Maryland’s GOP Gov. Larry Hogan Sunday called on his party to return to one that “agrees with freedom and truth” rather than being a party that attacks its members for speaking out against former President Donald Trump, but he was non-committal when asked if he’s considering a run for the White House in 2024.
“I’ve been speaking out loudly and strongly about this battle for the soul of the party,” Hogan said on CNN’s “State of the Union.” “There’s a circular firing squad where we attack Republicans. The Republican Party that I want to get back to is the one that believes in freedom and truth and not one that attacks people that don’t swear 100 percent fealty to the dear leader.”
But when asked if he’s considering a presidential run in 2024, particularly after releasing a video about his vision for America, Hogan was non-committal, even though he does believe there is a “lane” in the Republican Party for him, despite his anti-Trump stance.
“We put out great videos like that almost every week,” said Hogan. “That was taken from my State of the State address. I’ll run the state of Maryland as governor for the next year. I’m going to continue to be a voice. I’m not going to sit back and not be involved in the issues of the day. I’ll make a decision about 2024 after I finish that job…we’ll certainly take a look after January of 2023.”
Hogan said he does think there is a “pretty large lane of sane Republicans” who are “looking for a voice” and who oppose Trump.
“I consider myself a common-sense conservative,” he said. “I have been a lifelong Republican. I believe that’s where most people in America are. About 70% of the people in America are frustrated with politics on both sides, Republicans and Democrats. The latest CNN poll came out and said right now only 50% of the Republicans would like to see Donald Trump run again.”
Hogan also criticized the Republican National Committee after it censured Reps. Liz Cheney and Adam Kinzinger for their part in the House special committee investigating the Jan. 6, 2021 incidents at the Capitol.
In a statement concerning the censure, RNC Chairwoman Ronna McDaniel characterized the events of that day as “legitimate political discourse,” and Hogan said he strongly disagrees.
“To say it’s legitimate political discourse to attack the seat of our capital, smash windows, attack plus threaten to hang the vice president, threaten to overthrow the election, that’s insanity,” said Hogan.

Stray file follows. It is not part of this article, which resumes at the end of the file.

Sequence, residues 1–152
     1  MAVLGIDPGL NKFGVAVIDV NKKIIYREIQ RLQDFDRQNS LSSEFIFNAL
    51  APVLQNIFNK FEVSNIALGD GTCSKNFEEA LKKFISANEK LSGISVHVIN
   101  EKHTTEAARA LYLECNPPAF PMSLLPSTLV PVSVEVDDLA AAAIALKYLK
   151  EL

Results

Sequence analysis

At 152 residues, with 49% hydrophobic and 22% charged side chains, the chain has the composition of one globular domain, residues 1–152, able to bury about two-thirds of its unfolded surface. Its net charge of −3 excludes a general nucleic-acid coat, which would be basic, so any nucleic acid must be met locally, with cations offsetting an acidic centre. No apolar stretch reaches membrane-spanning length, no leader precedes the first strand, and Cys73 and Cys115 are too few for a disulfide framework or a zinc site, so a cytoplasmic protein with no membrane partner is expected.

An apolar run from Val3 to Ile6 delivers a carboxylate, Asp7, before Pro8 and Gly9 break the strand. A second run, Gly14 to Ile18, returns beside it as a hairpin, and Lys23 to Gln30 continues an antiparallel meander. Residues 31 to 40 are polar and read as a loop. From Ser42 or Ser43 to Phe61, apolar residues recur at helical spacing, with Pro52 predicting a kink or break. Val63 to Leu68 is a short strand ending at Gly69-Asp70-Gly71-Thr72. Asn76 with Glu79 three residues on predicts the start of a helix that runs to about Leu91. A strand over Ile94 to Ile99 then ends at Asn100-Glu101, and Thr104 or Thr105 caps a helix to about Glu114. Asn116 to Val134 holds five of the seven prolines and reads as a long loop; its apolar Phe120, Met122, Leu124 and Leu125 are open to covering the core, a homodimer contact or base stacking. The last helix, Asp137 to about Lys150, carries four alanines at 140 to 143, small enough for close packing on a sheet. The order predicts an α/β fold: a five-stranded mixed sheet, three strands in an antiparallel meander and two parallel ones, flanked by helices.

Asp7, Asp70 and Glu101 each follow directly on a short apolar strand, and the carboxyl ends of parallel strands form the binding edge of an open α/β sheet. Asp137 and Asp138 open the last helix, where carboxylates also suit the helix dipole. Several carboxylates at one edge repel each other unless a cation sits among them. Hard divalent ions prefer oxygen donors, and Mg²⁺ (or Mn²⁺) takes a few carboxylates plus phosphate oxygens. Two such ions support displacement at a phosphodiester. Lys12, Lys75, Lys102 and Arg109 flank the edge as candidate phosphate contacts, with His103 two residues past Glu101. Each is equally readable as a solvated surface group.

The governor further discussed his decision not to run for Senate and said that he was “very flattered” that Senate Majority Leader Mitch McConnell sent Sens. Susan Collins, R-Maine, and Mitt Romney, R-Utah, to try to convince him, but he does not consider the Senate to be the “right fit” for him, considering the “divisiveness and dysfunction” in Washington, D.C.
The governor also on Sunday spoke about his calls to end mask mandates in Maryland’s schools, and even though the Centers for Disease Control and Prevention still recommends masks, Hogan said Maryland has the lowest COVID case rates in the country.
“We lifted our statewide mask mandate last May,” said Hogan. “The school systems, which are autonomous and have their own authority, I don’t have direct control over them. We’re recommending very strongly that they lift it. That’s what all our epidemiologists and virologists and public health doctors are suggesting.”
He said he believes the CDC is “far behind” with its recommendations and that is confusing.
“We were at the White House with all the governors a week or so ago and it’s nearly universal bipartisan support for moving forward and putting this thing behind us and not living in fear of the virus, but finding a way to live with it,” said Hogan. “It’s going to be endemic for a long time. The kids have suffered so much. I think the CDC will likely have to take action, but in the meantime, I believe our schools, our state board of education is going to act in the next week or so to move forward and take masks off the kids.”
© 2022 Newsmax. All rights reserved.